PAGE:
The Milwaukee Police Department was organized in 1855 with a determined chief, seven pugnacious officers, and little money. The department grew to 21 men by the start of the Civil War in 1861. Law enforcement in the city soon earned the national reputation for honesty, integrity, and fairness it has enjoyed into the 21st century. The Milwaukee Police Department was first in the country to establish a formal officer training school, police bomb disposal vehicle, and “talking squad car.” Nefarious criminals handled by the department include the foiled presidential assassin John Schrank, the serial killer Jeffrey Dahmer, and characters with quaint nicknames like “Cat-eye Lil” and “Kelly the Choker.”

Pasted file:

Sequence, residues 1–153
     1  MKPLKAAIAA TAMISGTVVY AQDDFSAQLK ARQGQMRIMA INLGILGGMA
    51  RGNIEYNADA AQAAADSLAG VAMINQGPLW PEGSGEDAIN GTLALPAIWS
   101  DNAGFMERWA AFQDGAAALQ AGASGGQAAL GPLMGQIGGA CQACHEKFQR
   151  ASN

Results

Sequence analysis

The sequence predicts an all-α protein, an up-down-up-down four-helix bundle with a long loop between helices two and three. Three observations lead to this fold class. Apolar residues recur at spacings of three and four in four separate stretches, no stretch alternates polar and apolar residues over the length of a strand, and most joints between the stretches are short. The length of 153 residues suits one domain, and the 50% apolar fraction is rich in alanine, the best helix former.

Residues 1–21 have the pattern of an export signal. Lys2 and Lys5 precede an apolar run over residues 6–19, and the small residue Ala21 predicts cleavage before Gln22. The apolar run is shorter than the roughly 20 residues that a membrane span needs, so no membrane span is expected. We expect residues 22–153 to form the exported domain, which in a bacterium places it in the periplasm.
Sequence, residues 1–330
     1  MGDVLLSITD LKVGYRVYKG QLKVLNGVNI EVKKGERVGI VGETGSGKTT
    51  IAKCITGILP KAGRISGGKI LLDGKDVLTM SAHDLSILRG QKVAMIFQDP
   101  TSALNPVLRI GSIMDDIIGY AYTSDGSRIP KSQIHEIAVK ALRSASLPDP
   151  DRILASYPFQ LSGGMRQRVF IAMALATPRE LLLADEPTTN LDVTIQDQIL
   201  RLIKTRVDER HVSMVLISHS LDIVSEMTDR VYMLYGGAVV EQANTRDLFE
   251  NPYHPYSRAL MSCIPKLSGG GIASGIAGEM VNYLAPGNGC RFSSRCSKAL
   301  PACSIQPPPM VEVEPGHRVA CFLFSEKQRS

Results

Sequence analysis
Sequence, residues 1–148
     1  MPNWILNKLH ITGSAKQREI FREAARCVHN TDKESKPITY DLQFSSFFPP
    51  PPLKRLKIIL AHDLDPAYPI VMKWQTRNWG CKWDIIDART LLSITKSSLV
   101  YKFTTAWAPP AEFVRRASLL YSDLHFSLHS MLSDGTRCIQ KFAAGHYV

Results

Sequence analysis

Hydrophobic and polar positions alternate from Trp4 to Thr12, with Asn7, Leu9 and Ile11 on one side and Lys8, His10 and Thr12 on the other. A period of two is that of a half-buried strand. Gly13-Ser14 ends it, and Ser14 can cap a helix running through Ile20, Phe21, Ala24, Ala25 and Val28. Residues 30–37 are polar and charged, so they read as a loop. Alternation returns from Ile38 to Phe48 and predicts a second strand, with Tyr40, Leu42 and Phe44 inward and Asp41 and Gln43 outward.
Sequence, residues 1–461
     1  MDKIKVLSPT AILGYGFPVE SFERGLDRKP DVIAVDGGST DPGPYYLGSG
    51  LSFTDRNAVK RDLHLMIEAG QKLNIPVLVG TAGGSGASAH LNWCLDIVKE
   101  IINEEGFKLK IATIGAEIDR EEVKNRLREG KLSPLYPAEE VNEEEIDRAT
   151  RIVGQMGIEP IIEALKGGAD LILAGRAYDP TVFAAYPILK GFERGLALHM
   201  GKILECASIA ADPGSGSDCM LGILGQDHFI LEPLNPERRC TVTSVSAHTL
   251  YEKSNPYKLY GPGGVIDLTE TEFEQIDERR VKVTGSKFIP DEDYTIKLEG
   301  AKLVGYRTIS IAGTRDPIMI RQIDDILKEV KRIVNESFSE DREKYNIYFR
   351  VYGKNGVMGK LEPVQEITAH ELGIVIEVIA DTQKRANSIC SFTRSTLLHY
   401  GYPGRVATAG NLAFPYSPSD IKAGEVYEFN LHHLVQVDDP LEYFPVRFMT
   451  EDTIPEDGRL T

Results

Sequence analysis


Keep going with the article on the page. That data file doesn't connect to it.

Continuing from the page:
About the Author
Maralyn A. Wellauer-Lenius, a retired teacher and lifelong resident of Milwaukee, has a bachelor of science degree in history and a master of arts degree in education. Her father, a patrolman in the Milwaukee Police Department from 1934 to 1962, served as president of the Retired Police Association and was a trustee on the pension board. The author’s story of this well-trained, well-staffed, and well-equipped urban police department unfolds dramatically through images culled primarily from the Milwaukee Police Historical Society archive.